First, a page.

The American department store first emerged on the American landscape in larger cities in the mid-19th to the early 20th century. Stores like Stewart’s and Macy’s in New York, Wannamaker in Philadelphia, and Carson, Pirie, Scott and Company and Marshall Field’s in Chicago were dubbed “cathedrals of consumption” for their grand architecture and state-of-the-art amenities like lighting, elevators, and dressing rooms.
By the mid-20th century, the American department store was dependable for its wide range of high-quality goods and its stellar customer service. It was Marshall Field who made famous the retail aphorisms "Give the lady what she wants" and "The customer is always right.” The magical potential of the department store was made indelible by the 1947 movie “Miracle on 34th Street,” the story of a cynical little girl who found joy in life thanks to a Macy's Santa Claus.
But later, department stores pivoted, and helped lure Americans from the city lights and downtown avenues to the suburbs, where the stores anchored malls surrounded by parking lots and conveniences.
That may have been the beginning of the end. Or if not the "end," then the "middling" that department stores largely find themselves in now. These days they're like shadows of their former selves, trying to figure out the right mix of prices, merchandising, logistics, and channels. So, where are they headed? Or where should they go?
The “wonderment” is gone
Once department stores moved on to the suburbs, they lost a lot of what made them special. Department stores that boasted magnificent display windows and several stories in their downtown locations were mostly one or two-story box stores competing with specialty stores elsewhere in the mall.
Over time, many department stores' selection also became less dazzling, says retail studies professor Mark Cohen of Columbia University’s business school. Solidly performing departments, like Macy’s home-goods Cellar department, eventually were discontinued and the stellar customer service gave way to hard-to-find salespeople and discounts upon discounts, Cohen told Retail Dive.
“The department store emporiums, filled with endless wonderment and tremendous assortments, were supplanted by the growth of the retail shopping mall, which put these stores as anchors but surrounded them with specialty stores,” Cohen says.
“The department stores got tremendous value from being in the malls, but lost their franchise. Then the downtowns got decimated, so they lost their shoppers. Then — the big box players could move an enormous amount of volume," continued Cohen. "It’s not that the department stores had no chance. But they didn’t attempt to reengineer themselves. By the time the Internet came on, all but Nordstrom were late to the party and are still catching up. Meanwhile, there’s Amazon, a virtual marketplace that’s kind of like an infinite shopping mall, where you can get with one click anything you want to buy.”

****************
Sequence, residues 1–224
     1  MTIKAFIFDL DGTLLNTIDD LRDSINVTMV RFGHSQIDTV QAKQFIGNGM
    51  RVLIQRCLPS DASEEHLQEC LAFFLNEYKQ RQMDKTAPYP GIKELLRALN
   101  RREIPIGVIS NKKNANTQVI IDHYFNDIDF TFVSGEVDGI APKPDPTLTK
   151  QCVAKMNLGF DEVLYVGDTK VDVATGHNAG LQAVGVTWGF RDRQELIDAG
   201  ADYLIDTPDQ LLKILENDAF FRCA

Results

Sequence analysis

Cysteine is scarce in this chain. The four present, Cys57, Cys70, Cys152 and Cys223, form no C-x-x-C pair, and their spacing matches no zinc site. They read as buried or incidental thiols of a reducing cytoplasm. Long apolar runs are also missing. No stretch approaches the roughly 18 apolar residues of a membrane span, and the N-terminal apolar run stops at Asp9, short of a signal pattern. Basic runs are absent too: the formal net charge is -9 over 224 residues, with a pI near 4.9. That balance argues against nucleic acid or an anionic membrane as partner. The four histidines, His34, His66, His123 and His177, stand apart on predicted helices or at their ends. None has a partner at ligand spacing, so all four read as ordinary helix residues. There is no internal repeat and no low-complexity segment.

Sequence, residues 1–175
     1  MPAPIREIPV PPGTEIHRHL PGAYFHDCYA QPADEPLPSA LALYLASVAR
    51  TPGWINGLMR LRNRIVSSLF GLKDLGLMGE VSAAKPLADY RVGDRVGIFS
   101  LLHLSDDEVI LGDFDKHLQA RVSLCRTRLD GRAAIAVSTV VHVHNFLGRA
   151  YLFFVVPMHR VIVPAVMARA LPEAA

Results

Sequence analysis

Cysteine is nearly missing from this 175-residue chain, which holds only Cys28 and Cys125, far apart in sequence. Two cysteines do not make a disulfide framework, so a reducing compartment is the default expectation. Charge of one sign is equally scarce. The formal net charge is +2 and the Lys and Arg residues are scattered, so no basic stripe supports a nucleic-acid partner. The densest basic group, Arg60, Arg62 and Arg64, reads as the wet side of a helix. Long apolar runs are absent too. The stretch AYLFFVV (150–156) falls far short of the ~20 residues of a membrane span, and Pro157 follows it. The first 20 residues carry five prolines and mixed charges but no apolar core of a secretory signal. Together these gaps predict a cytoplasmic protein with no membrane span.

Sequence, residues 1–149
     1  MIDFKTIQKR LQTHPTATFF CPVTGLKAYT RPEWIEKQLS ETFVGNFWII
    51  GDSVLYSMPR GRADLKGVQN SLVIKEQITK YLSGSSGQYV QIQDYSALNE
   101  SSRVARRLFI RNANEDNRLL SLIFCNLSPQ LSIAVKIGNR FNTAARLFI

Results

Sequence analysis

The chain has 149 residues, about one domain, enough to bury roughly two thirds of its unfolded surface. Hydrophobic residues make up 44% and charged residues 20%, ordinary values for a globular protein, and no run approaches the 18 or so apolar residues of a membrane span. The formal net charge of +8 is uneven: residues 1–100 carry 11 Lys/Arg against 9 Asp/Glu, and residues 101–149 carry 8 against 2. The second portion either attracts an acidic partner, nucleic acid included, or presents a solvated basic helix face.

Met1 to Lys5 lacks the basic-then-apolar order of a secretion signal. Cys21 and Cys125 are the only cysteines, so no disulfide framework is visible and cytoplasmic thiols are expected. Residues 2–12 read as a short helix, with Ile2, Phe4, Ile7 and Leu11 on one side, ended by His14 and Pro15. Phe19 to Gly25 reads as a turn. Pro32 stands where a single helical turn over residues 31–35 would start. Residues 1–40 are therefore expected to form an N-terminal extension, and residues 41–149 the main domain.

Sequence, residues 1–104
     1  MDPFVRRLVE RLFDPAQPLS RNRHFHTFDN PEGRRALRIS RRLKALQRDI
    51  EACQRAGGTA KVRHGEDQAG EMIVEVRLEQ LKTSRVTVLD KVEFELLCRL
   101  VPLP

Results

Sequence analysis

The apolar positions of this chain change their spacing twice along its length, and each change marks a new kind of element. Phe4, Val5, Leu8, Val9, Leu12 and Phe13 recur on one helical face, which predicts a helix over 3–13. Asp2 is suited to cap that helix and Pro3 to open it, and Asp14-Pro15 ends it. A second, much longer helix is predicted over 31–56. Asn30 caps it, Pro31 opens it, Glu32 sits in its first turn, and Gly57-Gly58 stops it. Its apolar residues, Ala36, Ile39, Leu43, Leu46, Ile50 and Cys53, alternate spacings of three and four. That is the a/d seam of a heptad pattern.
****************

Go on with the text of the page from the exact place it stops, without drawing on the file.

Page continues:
It’s not like department stores have completely abandoned their downtown flagships. Macy’s has been continuing its Thanksgiving Day parade for decades now, those display windows still dazzle, especially at Christmas, and Nordstrom, Macy’s, Saks, and Bloomingdale’s have all recently announced major renovations for at least some of their urban, city-center stores.
Perhaps most important for those stores, the American downtown is back, thanks to changing demographics and the efforts of urban planners.
Initiatives that better blend e-commerce and m-commerce with physical stores are crucial and require nimble technologies that help with inventory and merchandising. Many companies, notably Nordstrom, have updated their staid, frozen-in-time in-store aesthetic by inviting in pop-ups and concessions that appeal to younger shoppers.
But are department stores doing enough?
Each of America’s department stores, which were once iconic retailers in their hometowns in the last century, has a unique set of challenges right now.
But “there are certain things that they all must consider,” writes Lauren Sherman at Fashionista, who took a spin through a few for a report in April.
“No matter the price point, the product needs to be unique. It also needs to be easily accessible across every channel. And the customer must be treated better, not only through great return policies and friendly salespeople but also through better-looking stores and more customized experiences. At the moment, retailers are spoiled for choice when it comes to the brands they can sell. But as more Internet-first, director-to-consumer labels start popping up – and turning a profit – that choice is destined to dwindle. Department stores need to make themselves attractive to brands, too.”